Sunday, August 4, 2013

Hornady ZombieMax 380 Auto 90 Grain Zmax Denim and Clear Gel Test


ZombieMax ammunition, from Hornady, is a bit hard to describe and explain if you have never seen it before.  It appears to be first quality ammunition that looks quite similar to Critical Defense except for a zombie green polymer hollow point insert and standard brass cases.  Things get strange when you read the package and website description of ammunition line.  There are warnings that the ammunition is not a toy and that it should only be used when facing zombies.  It's an interesting marketing angle, but it does put me off this line of ammunition.  

Test Pistol:

Test Protocol:
Step 1)  Measure and record temperature and relative humidity.
Step 2)  Run a 5 shot velocity average over a ProChrono Digital Chronograph at a distance of 8 feet.
Step 3)  Run first bare gel test shot into a block of Clear Ballistics Gel that is calibrated to 10% Ordnance Gel density.  Shot distance is 8 feet.
Step 4)  Run second test shot through 4 layers of 14 oz/yard heavy-weight denim.  Shot distance is 8 feet.
Step 5)  Run a 600 fps calibration test bb shot into the Clear Ballistics gel block and record penetration depth.

Test Results:

Video Documentation of the Entire Test from Range to Bullet Recovery:


My Thoughts on This Load:
All of the Hornady 380 Auto loadings specify a muzzle velocity of 1000 feet per second.  A quick check of their website confirms that their velocity measurements are done with a 4" test barrel.  It's understandable that our velocity was lower since our barrel was almost and inch shorter than the 4" Hornady test barrel.  As a rule of thumb you can expect to lose about 100 feet per second for every 1" reduction in barrel length.

I was really surprised by the terminal performance of this load for both test shots.  I don't believe I've ever seen petals pulled off a Hornady 90 Grain 380 bullet from over expansion.  Driven at close to 950 feet per second we had fragmentation on both of our bare gel shots (shot 1 was lost when it flew out of the block).  The heavy denim test shot suffered from incomplete expansion.


Pick or Pan:
The "gimmick" nature of this load, combined with poor terminal performance during this test is enough to put me off of this round.  If I was faced with a choice between Critical Defense 380 Auto and ZombieMax 380, I would pick up the Critical Defense.

If I was facing down a zombie horde, I'd still take the Critical Defense.....but that's just me. 





Disclaimer....This test should not be considered an endorsement or recommendation for the product(s) tested.  All tests represent actual performance in ballistics testing media.  Terminal performance in all other media will show different results.  It is up to each individual to make their own personal decision on which specific ammunition to use for their needs.  It's also critically important to test any ammo in YOUR SPECIFIC FIREARM before relying on it for any purpose.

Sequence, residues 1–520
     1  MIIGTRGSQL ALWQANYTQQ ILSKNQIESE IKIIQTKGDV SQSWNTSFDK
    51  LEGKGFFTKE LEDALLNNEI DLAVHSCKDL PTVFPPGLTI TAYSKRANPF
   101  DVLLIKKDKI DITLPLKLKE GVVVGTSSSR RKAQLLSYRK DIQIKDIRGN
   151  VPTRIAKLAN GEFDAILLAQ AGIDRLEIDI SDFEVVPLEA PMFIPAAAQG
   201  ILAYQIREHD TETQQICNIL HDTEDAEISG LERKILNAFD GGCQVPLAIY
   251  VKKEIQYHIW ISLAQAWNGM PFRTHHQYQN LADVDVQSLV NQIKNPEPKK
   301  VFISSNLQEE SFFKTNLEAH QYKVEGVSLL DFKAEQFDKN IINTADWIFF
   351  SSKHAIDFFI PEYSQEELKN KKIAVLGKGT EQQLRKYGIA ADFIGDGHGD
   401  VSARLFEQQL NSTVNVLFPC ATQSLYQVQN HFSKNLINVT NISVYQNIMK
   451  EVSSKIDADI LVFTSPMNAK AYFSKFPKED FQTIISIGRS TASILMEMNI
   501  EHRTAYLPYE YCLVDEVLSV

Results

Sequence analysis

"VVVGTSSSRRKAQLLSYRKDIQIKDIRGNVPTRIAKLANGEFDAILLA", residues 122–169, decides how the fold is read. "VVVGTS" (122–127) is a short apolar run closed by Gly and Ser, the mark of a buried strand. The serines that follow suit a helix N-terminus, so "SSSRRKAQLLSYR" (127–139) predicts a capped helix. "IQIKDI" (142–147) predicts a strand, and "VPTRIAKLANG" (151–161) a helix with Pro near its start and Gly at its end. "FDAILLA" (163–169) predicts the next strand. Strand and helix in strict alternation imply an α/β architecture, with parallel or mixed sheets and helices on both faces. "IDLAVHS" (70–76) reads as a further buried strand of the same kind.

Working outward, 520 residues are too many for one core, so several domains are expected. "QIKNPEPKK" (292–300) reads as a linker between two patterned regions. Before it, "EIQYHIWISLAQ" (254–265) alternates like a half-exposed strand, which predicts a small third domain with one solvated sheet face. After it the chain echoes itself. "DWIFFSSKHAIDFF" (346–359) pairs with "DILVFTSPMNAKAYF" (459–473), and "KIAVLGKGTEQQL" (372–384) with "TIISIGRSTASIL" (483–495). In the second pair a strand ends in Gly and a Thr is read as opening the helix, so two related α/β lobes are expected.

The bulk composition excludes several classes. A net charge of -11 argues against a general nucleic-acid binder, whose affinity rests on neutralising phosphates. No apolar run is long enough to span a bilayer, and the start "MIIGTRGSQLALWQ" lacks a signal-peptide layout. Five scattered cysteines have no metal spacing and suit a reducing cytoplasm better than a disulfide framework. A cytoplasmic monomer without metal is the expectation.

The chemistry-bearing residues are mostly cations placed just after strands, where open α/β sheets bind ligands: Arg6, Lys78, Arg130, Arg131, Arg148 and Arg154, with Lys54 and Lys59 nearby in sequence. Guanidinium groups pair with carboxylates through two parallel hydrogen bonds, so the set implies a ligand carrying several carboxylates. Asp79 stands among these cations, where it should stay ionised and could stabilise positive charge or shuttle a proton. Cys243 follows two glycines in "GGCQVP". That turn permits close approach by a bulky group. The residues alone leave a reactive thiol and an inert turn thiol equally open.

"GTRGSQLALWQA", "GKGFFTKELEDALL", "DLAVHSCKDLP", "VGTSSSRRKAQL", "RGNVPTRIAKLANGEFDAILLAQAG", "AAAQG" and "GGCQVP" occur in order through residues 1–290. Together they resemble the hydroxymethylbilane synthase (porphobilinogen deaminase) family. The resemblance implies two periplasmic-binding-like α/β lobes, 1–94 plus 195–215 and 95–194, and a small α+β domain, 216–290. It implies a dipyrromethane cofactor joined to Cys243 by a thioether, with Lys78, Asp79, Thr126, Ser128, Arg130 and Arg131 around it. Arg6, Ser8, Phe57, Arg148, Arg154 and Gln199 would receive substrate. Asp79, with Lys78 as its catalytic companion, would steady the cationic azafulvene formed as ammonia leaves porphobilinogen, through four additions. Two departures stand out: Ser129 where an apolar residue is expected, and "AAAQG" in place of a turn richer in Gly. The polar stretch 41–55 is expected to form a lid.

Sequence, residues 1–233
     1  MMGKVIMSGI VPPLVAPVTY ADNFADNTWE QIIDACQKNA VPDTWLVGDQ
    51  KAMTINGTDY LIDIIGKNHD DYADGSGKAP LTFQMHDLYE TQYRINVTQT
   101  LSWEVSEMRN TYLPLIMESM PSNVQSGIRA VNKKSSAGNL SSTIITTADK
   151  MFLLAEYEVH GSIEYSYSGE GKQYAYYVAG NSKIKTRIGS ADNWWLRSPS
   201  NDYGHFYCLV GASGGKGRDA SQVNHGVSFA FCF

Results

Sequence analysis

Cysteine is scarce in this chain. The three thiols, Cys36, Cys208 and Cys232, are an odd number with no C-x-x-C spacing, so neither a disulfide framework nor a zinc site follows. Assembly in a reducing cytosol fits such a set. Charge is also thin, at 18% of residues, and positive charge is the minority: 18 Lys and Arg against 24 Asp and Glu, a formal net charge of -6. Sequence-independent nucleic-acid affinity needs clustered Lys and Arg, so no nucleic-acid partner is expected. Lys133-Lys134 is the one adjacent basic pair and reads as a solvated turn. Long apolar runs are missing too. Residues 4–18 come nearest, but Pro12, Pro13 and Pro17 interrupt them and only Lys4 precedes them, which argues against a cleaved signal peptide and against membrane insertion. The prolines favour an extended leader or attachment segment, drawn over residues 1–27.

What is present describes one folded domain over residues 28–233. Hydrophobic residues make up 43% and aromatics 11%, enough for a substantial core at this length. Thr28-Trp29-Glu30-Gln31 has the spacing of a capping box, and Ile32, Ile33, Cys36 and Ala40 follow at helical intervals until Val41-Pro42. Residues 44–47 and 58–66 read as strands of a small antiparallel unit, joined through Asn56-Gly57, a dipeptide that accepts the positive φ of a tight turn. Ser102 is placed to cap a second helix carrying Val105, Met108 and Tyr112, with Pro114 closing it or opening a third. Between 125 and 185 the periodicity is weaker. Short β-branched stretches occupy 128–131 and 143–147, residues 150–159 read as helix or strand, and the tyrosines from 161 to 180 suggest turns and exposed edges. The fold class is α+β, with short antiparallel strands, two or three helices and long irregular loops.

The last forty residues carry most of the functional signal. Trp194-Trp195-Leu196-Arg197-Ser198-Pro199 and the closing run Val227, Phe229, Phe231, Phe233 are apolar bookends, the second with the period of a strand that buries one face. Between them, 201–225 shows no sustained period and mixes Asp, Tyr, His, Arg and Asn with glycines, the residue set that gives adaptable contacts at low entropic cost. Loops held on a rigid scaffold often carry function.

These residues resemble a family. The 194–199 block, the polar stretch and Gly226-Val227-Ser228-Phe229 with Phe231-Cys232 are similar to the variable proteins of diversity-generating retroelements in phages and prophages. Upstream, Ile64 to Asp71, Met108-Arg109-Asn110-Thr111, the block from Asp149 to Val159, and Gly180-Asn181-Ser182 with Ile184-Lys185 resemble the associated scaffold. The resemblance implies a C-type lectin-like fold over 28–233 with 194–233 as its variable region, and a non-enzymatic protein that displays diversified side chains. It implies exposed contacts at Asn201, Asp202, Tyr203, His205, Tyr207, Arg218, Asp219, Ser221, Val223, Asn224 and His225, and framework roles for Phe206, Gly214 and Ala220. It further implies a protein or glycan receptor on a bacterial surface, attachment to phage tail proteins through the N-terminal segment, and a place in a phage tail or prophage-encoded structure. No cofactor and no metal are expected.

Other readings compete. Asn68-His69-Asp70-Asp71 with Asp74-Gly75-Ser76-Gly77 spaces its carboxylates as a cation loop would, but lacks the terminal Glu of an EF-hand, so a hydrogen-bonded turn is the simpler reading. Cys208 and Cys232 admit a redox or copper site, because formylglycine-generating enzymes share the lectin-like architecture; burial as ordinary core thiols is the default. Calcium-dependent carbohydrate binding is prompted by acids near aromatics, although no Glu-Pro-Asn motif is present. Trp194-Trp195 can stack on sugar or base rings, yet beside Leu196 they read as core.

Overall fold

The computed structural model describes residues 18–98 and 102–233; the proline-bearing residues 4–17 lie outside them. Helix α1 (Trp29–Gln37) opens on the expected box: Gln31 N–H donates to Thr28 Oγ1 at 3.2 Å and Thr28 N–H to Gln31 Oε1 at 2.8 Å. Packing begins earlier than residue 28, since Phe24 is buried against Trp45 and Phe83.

Ammunition labeled as +P or +P+ should only be used in firearms that have been certified by the manufacturer as safe for the additional pressures generated by these ammunition types.

5 comments:

  1. It was my understanding that the Z-Max and the Critical Defense were the same thing except for marketing. Clearly the performance indicates the possibility of that not being true.

    Any chance you can run a test of the Critical Defense again, but with the Bersa instead of the Kahr? I'd like to see if the increased velocity from the Kahr would have any affect on the Critical Defense.

    FWIW, I went hog hunting earlier in the year with a friend. The only .308 hunting ammo he could find was the Z-Max stuff. It performed very well on the pig. Different stuff, I know, but based on the performance it seemed to reaffirm my beliefs that the Z-Max was just a green version of the existing ammo lines.

    ReplyDelete
  2. Interesting... I had kind of assumed this was critical defense in a different color, and as such would perform similarly, but I guess not...

    ReplyDelete
  3. I am glad you did this follow up to the Critical Defense test...ammo choices in .380 are much trickier than in the larger calibers and your tests diffidently help. Not sure if you have ever checked these tests out....they use ribs as a barrier. Not very scientific as there are lots of variables (some hit bone, some bounce off, diff bones etc.) but it seems the Critical Defense/Zombie max bullets have a tough time penetrating bone and do not seem to stay together well(in the limited tests I have watched). I wonder if there is any substance that would mimic bone and be repeatable....thanks again for the great tests/blog! Ken

    http://www.youtube.com/watch?v=AD4Z5hKg8zs

    http://www.youtube.com/watch?v=995n1z00wN8&list=TL5wP9JzRse9U

    http://www.youtube.com/watch?v=IEevClP-iVc&list=TL5wP9JzRse9U

    ReplyDelete
    Replies
    1. Hi Ken.

      I'm working on the bone simulation. I'm really close and will probably run a trial test with it this week if the rain stops long enough. Now to figure out what I want to test.

      Delete
    2. That's awesome, I hope you get a chance to do the trial and it goes well...It would be cool to see a good .380 bonded hollow point like the Gold Dot VS a decent flat nose ball round (Speer Lawman etc.) but I am sure whatever you pick will be cool...cheers!

      Delete